Saturday, August 20, 2011

2011 Day 6: Backfill Day and Saying Goodbye

Yesterday began with a rush.  We only had the morning to complete excavations and maps before we had to backfill the entire site that afternoon. 

Here is a shot of the large area we opened up this week.

As you can see, we were scrambling to finish mapping one half while the other half was getting filled in.

The reason why we backfill a site is to protect it.  If we leave it open, it will not only deteriorate from exposure to the elements but also from human activity.  By reburying the Joseph Howland site, we can preserve it for future research. 

Backfilling is hard work and we stayed a little later than usual to get everything back into place.  In a few short weeks, nature will creep back over the areas we excavated and you'll never know we were there.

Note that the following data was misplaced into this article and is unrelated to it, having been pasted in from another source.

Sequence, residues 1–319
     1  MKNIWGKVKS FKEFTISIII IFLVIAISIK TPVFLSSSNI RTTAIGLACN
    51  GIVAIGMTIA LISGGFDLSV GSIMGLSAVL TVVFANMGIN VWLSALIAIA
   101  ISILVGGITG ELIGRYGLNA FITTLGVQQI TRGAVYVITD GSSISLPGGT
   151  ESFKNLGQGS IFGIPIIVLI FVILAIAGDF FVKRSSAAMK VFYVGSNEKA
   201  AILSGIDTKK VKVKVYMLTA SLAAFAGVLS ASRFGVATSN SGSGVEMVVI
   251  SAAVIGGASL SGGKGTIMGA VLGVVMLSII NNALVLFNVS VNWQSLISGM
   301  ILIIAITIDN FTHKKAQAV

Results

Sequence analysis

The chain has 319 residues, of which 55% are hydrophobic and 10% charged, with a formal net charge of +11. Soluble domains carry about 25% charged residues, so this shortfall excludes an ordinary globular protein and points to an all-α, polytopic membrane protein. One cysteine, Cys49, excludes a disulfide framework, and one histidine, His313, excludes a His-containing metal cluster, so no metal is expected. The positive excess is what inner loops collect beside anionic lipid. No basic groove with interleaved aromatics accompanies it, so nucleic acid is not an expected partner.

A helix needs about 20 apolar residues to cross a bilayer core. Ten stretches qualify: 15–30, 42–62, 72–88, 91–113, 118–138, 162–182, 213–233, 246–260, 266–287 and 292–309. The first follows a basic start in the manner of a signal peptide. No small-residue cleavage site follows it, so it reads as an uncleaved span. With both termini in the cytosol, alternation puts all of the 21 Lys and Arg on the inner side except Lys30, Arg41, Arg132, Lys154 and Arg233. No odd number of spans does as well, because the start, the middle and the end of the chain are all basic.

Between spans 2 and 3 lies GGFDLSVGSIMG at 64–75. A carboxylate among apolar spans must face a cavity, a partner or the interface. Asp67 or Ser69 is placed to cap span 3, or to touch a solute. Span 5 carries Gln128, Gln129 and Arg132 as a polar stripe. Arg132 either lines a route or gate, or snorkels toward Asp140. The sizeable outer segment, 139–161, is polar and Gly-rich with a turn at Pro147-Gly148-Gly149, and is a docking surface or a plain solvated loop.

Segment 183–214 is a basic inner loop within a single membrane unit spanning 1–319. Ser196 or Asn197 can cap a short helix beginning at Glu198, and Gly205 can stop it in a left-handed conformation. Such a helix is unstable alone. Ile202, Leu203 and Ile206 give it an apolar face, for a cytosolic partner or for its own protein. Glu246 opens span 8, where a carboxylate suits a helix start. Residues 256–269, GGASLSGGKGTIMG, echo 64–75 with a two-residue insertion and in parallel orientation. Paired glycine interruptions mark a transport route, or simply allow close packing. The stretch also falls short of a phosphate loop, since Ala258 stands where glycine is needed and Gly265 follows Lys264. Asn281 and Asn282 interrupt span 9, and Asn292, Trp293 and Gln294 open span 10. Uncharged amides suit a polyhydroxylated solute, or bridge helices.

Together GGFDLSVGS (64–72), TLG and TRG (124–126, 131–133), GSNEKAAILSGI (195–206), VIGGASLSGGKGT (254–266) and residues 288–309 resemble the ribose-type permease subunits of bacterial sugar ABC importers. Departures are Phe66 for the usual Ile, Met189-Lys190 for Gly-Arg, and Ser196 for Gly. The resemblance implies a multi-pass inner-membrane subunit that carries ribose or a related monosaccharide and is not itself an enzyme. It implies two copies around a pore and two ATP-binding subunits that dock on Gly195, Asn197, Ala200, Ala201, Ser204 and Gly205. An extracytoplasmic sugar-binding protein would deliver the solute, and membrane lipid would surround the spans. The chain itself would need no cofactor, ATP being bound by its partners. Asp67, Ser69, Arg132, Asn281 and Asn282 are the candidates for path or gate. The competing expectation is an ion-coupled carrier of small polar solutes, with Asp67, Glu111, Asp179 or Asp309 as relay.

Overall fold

While we did locate another area of the previous excavations, once again we were not successful in discovering the foundations.  After six years of excavating at the Joseph Howland site, we have decided to take a hiatus from digging in order to focus on the data and artifacts we have collected since 2005.  Through a careful look at the maps we have made and by studying the artifact distributions throughout the site, we hope to have a clearer overall picture.  We also hope to have a better idea of where those cellars may be.  In time, we may return to "the dig" again, but for now we are going to say farewell to the excavations at Rocky Nook.

These seasons at Rocky Nook would not have been such a pleasant experience without all our wonderful volunteers.  Thank you to this year's team:  Pam, Alex, Connor, Carolyn, Betty, Dick, Melody, Randy, Tatiana, Tyler, Evan, Kristin, Elizabeth, Michael Go., Joann, Ellen, Jane, Martha, Vicki, Bill, Sarah, Mike, Jon, Eldon, Malka, Tracey, Jan, Jim, Michael Gi., and, of course, Ray.

A huge thank you goes out to the two guys that never missed a season and always beat the rest of us to the site in the morning, Jonathan and Richard!